Taxation refers to compulsory or coercive money collection by a levying authority, usually a government. The term “taxation” applies to all types of involuntary levies, from income to capital gains to estate taxes. Though taxation can be a noun or verb, it is usually referred to as an act; the resulting revenue is usually called “taxes.”
Taxation is differentiated from other forms of payment, such as market exchanges, in that taxation does not require consent and is not directly tied to any services rendered. The government compels taxation through an implicit or explicit threat of force. Taxation is legally different than extortion or a protection racket because the imposing institution is a government, not private actors.
Tax systems have varied considerably across jurisdictions and time. In most modern systems, taxation occurs on both physical assets, such as property, and specific events, such as a sales transaction. The formulation of tax policies is one of the most critical and contentious issues in modern politics.
Originally, the U.S. government was funded on very little direct taxation. Instead, federal agencies assessed user fees for ports and other government property. In times of need, the government would decide to sell government assets and bonds, or issue an assessment to the states for services rendered. In fact, Thomas Jefferson abolished direct taxation in 1802 after winning the presidency; only excise taxes remained, which Congress repealed in 1817. Between 1817 and 1861, the federal government collected no internal revenue.
An income tax of 3% was levied on high-income earners during the Civil War. It was not until the Sixteenth Amendment was ratified in 1913 that the federal government assessed taxes on income as a regular revenue item. As of 2016, U.S. taxation applies to items or activities ranging from income to cigarettes to inheritances and even winning a Nobel Prize. In 2012, the U.S. Supreme Court ruled that failure to purchase specific goods or services, such as health insurance, was considered a tax and not a fine.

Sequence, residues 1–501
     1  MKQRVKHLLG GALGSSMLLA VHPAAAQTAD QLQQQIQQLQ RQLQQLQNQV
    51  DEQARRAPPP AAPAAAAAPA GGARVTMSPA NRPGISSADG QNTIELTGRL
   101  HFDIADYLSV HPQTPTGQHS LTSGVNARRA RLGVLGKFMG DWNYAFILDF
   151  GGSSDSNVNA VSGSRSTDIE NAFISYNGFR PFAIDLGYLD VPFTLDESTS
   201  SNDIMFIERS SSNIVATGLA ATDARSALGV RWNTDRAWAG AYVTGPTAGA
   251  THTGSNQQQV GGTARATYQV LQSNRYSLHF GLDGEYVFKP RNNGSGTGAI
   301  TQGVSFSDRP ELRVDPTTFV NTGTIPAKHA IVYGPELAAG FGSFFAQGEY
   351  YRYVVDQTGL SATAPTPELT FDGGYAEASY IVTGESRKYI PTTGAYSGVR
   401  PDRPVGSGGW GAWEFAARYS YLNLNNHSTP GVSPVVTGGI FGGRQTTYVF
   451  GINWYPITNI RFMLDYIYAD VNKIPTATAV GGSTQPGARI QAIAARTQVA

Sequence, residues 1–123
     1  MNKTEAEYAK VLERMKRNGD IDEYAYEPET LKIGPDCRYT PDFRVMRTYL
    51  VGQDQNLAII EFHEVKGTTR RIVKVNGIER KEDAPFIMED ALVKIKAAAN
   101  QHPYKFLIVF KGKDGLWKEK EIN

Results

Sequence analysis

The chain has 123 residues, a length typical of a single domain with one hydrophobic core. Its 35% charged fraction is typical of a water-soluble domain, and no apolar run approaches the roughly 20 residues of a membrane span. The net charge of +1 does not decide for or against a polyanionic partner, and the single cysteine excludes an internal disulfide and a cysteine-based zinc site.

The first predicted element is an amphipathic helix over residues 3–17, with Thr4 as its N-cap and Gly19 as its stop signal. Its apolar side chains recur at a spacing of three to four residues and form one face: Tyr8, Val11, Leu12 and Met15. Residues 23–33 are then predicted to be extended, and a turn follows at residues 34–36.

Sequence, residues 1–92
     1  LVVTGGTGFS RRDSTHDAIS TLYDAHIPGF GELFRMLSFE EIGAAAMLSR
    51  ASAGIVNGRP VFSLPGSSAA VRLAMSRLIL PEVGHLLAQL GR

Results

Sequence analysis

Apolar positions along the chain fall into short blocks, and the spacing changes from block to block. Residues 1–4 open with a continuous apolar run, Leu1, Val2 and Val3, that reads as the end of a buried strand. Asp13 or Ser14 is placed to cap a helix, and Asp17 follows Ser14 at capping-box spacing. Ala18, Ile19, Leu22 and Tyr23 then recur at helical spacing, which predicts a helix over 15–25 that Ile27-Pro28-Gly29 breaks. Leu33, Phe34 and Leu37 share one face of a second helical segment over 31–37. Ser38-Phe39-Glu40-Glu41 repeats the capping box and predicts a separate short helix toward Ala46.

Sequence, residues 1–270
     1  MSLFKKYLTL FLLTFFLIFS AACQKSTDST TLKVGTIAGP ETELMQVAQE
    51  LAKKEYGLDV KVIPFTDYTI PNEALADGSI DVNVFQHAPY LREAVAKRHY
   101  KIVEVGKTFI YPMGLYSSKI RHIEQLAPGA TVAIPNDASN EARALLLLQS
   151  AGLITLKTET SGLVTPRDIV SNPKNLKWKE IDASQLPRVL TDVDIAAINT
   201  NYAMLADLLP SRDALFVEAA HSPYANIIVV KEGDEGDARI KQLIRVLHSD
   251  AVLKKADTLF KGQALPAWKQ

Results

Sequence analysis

The most basic function of taxation is to fund government expenditures. Varying justifications and explanations for taxes have been offered throughout history. Early taxes were used to support ruling classes, raise armies and build defenses. Often, the authority to tax stemmed from divine or supranational right.
Later justifications have been offered across utilitarian, economic or moral considerations. Proponents of progressive levels of taxation on high income earners argue that taxes encourage a more equitable society. Higher taxes on specific products and services, such as tobacco or gasoline, have been justified as a deterrent on consumption. Advocates of public goods theory argue taxes may be necessary in instances in which the private provision of public goods is considered sub optimal, such as with lighthouses or national defense.